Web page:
[cnn-photo-caption image= http://i2.cdn.turner.com/cnn/2008/images/10/10/art.mccain.7.16.jpg caption="The Obama campaign released an ad taking aim at McCain's mortgage plan, but how truthful is the ad?."]
An ad released Thursday, October 9, by Sen. Barack Obama's campaign, titled "Tested," takes aim at Sen. John McCain's mortgage plan. "McCain would shift the burden from lenders to taxpayers, guaranteeing a loss of taxpayer money," the ad's narrator says. "Who wins? The same lenders that caused the crisis in the first place."
Get the facts!
The ad refers to a plan McCain announced during a debate Tuesday night in Nashville, Tennessee. "I would order the secretary of the Treasury to immediately buy up the bad home loan mortgages in America and renegotiate at the new value of those homes - at the diminished value of those homes - and let people be able to ... make those payments and stay in their homes," McCain said.
On his Web site, McCain calls it "an American Homeownership Resurgence Plan." Under his plan, the government would buy up some troubled mortgages at their full value - meaning the lenders would not take a loss. The government would then renegotiate those mortgages, so that eligible homeowners would be paying rates based on their homes' current, reduced value.
McCain previously supported renegotiating mortgages with lenders, who would take losses. His economic adviser, Douglas Holtz-Eakin, told reporters Wednesday that McCain now believes having the government pay the entire value of the loans is "the only way" to begin stabilizing the housing market "in a timely fashion."
Obama, in his ad, highlights this quote from a CNNMoney.com story: "Much of the burden of paying to keep troubled borrowers in their homes will shift to taxpayers." The McCain campaign acknowledged that point, both on a conference call with Holtz-Eakin on the day after the debate and in a follow-up interview with CNN's Les Christie, writer of the CNNMoney.com story.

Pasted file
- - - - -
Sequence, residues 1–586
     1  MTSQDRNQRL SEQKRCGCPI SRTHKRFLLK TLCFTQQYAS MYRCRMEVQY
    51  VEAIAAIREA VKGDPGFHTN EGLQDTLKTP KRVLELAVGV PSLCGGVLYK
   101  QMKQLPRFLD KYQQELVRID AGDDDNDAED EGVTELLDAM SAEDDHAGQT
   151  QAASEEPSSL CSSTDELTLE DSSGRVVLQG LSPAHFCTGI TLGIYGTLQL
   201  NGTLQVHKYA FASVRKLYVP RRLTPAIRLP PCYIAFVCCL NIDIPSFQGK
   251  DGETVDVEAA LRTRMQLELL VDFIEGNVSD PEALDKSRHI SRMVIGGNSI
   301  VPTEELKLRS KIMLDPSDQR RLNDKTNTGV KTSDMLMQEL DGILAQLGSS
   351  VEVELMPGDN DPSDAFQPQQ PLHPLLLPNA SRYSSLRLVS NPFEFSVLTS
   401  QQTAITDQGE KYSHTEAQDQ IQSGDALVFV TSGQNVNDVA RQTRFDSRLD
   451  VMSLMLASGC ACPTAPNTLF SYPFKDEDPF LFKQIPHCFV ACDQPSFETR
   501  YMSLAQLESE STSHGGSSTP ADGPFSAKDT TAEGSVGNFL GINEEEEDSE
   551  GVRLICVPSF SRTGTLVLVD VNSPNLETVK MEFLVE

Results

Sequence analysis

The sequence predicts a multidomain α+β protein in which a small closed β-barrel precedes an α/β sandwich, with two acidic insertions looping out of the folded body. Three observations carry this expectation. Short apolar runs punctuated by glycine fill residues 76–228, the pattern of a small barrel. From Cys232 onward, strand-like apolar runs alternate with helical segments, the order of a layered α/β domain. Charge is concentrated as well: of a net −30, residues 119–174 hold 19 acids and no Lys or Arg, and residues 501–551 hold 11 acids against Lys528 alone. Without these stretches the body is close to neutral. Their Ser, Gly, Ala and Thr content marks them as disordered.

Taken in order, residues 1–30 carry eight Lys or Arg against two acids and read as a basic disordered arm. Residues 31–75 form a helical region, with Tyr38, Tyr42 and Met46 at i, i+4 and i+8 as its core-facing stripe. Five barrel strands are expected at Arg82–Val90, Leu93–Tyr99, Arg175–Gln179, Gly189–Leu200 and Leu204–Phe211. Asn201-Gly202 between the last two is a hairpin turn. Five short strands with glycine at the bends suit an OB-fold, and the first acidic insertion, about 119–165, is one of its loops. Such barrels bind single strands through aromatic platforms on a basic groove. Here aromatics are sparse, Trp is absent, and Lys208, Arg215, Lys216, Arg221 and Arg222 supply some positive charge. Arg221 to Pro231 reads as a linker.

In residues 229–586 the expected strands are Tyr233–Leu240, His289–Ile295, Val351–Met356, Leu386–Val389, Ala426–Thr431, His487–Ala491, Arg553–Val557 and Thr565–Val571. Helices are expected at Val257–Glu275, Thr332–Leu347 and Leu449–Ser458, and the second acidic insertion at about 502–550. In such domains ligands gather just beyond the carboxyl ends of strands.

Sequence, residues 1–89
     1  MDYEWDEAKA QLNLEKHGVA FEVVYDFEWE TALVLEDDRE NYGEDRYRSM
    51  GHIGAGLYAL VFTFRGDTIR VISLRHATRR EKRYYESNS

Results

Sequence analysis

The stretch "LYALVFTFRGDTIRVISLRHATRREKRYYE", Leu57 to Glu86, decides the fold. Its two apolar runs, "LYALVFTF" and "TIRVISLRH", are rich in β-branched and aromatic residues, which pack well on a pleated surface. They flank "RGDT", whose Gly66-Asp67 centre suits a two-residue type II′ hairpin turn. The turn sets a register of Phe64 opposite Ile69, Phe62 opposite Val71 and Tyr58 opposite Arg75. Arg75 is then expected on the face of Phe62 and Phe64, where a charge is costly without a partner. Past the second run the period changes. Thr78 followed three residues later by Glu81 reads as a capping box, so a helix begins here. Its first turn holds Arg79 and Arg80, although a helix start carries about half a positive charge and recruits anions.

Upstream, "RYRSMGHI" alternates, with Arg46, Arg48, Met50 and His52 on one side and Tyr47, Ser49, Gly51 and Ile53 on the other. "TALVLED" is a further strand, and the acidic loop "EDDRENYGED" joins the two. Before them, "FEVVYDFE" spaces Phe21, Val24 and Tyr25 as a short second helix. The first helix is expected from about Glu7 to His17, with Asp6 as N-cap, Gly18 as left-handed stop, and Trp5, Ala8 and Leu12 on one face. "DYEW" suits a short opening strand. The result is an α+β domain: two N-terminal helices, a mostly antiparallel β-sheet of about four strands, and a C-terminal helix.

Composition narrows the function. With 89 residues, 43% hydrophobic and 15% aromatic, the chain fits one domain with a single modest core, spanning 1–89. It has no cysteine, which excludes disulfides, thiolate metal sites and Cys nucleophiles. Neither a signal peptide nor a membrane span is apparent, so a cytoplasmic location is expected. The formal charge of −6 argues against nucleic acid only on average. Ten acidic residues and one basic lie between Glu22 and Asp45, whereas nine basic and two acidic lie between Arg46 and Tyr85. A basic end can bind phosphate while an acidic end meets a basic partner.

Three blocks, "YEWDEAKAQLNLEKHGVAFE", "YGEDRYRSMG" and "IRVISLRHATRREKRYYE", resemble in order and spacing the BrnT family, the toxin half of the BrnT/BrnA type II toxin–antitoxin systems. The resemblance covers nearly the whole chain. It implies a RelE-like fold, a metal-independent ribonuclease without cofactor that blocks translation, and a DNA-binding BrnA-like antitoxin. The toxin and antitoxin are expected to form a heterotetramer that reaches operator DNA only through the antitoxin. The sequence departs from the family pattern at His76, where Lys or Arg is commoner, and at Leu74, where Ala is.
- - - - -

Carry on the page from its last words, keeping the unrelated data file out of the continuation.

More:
The McCain campaign says the plan would cost about $300 billion. "Funds provided by Congress in (the) recent financial market stabilization bill can be used for this purpose; indeed by stabilizing mortgages it will likely be possible to avoid some purposes previously assumed needed in that bill," the campaign Web site says.
McCain's plan puts him at odds with a bill adopted by Congress in July that required lenders to write down mortgage balances to 90 percent of a home's current market value in order to qualify for refinancing insured by the Federal Housing Administration. Neither McCain nor Obama voted on that bill.
While the Obama ad refers to "lenders that caused the crisis in the first place," Obama himself has been using slightly different language on the stump, referring to lenders who "helped create this mess in the first place." But the substance of Obama's attack has not changed.
True. The McCain campaign acknowledges the plan would shift the burden to taxpayers.